Why it matters when Uma Thurman and Salma Hayek speak out

Quentin Tarantino’s betrayal hurt as much as Weinstein’s abuse
Photo: luvi

Uma Thurman’s and Salma Hayek’s deeply personal accounts of abuse share several things in common: they both point an accusatory finger at Harvey Weinstein, they both moved me to tears, and they both remind us that even rich and famous women are not immune from sexual abuse and harassment.

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While Thurman and Hayek are not the first Hollywood actresses to come forward, in both these stories you can particularly taste the bitterness, anger, disillusionment, confusion, sadness, disbelief and powerlessness of having someone you trust and look up to violate, abuse, and disrespect you both as a human being and as an artist.

People like to say that Hollywood isn’t real life. It’s a world that’s fake and riddled with abuse and the exploitation of youth, sex and beauty in the pursuit of money and power. They say that Hollywood attracts broken people. People who are willing to do anything and anyone for a shot at fame and celluloid immortality. People who sell their souls to the devil for a chance at a dream. It’s occasionally all that and probably more.

But it’s also a microcosm of real life amplified and exaggerated and exposed for all to see. It’s both a dream and a cautionary tale. Where people who “have it all” are often found to have absolutely nothing. Where what goes on behind the scenes is the ugliness of real life magnified and bloated; maniacal self-absorption and one-track ambition that often leaves no room for common decency.

If they’re not exempt from abuse, none of us are

To see two gorgeous, glamorous, immensely successful movie stars like Uma Thurman and Salma Hayek reveal the dirty underbelly of their beautiful lives is horrifying, because if they can’t protect themselves, who can? If they can’t call the shots, with their privilege and their money and their status, what chance does a lowly waitress down the street working the night shift and getting her ass grabbed by the manager every time she goes into the storage room have? What chance does the hotel housekeeper have when she finds herself alone in a room with a door that can lock? What chance does a low-wage factory worker have when she navigates a lecherous manager’s office and she can’t leave her job or say anything to anyone because she’s a single mom who has bills to pay?

There are more Tarantinos than there are Weinsteins out there, but the latter can’t survive without the former. Complicity casts a long shadow.

What chance does a staffer in Parliament Hill have when campaign managers treat her police report as nothing more than a political liability and something to be buried because there’s an election coming? What chance does a young student have when she goes against an entire university, which immediately treats her as a problem, circles the wagons and protects its own? Or a young gymnast who comes forward against a team doctor and is not protected, but instead paid money by USA Gymnastics to stop talking?

Every time I see a famous star come forward, it cuts straight to my worst fears about all the women who aren’t in the limelight and aren’t attending red carpet events. If these women can go through such horrendous treatment living in the lap of luxury and with the money and power they enjoy, what recourse does someone with none of those things have?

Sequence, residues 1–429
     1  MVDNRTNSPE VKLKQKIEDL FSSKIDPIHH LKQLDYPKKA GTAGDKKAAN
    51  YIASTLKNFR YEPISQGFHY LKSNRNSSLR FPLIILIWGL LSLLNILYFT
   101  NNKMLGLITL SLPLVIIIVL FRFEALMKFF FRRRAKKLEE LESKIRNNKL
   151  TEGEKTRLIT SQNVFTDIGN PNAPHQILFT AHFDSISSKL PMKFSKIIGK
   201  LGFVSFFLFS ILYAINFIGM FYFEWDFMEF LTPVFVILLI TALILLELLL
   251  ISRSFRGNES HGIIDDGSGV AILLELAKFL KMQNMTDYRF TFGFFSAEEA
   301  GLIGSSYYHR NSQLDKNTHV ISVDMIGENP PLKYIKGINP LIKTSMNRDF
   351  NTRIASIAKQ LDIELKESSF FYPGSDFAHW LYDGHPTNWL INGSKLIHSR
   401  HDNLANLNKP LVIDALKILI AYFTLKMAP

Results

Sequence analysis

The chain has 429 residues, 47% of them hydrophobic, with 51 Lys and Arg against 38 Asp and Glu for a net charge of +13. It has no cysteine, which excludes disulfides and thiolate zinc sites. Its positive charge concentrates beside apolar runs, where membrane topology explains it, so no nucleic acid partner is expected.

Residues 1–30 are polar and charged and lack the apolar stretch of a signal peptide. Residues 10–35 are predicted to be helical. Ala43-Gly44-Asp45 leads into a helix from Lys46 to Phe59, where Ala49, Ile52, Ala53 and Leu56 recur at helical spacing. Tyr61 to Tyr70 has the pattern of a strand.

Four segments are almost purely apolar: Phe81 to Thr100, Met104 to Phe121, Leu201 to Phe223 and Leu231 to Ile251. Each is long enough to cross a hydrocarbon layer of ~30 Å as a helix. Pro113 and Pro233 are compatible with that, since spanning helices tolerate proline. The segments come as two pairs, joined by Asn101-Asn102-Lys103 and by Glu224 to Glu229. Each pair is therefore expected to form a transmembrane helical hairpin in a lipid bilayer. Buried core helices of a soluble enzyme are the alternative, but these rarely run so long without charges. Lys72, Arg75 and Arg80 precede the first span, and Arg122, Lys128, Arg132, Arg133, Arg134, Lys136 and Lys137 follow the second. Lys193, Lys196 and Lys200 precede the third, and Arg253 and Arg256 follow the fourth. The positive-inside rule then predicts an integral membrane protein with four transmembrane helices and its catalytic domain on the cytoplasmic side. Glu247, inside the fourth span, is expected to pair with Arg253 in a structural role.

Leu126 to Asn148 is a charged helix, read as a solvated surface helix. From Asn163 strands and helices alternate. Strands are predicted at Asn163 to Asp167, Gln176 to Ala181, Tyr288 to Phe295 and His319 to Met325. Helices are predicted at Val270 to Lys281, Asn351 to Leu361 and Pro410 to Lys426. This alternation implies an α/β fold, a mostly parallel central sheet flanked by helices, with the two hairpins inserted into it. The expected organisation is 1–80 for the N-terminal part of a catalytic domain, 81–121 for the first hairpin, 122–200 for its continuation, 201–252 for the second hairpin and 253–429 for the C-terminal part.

The systemic complicity of abuse

Both Thurman’s and Hayek’s testimonials left me seething with anger, because there was total disregard for their emotional and physical well-being. They were treated like tools and objects with which the men who surrounded them built their careers, reputations and artistic visions. In some ways, after reading Thurman’s piece, I found myself even angrier at Quentin Tarantino than at Weinstein. Perhaps because Tarantino was not only Thurman’s director but also supposed to be her friend. Betrayal by a business associate is no fun, and it cuts even deeper when you’re betrayed by someone you thought had your back and would protect you; someone you thought was an ally and turned out to be just as complicit and toxic.

Tarantino is every guy who looks away because he doesn’t want his carefully laid-out life and career to derail, who looks away because to pay attention would oblige him to go against his own self interest and ambition. There are more Tarantinos than there are Weinsteins out there, but the latter can’t survive without the former. Complicity casts a long shadow.

The #MeToo revelations have created a maelstrom of reactions and instigated numerous conversations, not only about assault and harassment and how they infest all social and economic classes, but about abuse on all levels. The long-held notion that “geniuses” are somehow allowed their abusive quirks because they created timeless art is now being questioned.

How much abusive behaviour should we, as a society, tolerate for the sake of art? Why should we tolerate any at all? There’s a parallel conversation we should also be having about how, for decades, we have been consuming toxic art by toxic men and how their banal and routine depictions of violence (often with women as their primary targets) has shaped our culture and how we view (and consequently treat) women.

“Harvey assaulted me but that didn’t kill me,” Thurman told the New York Times. It was Tarantino, her friend and someone who called her his muse, who finally left her feeling like a “broken tool” by forcing her to do something — driving a stunt car — she didn’t want to and almost killing her in the process.

The disregard for her life, her safety, and emotional well-being for the sake of his artistic vision, the abuse and the gaslighting to wear her down — as women, we don’t have to be Hollywood movie stars to relate.

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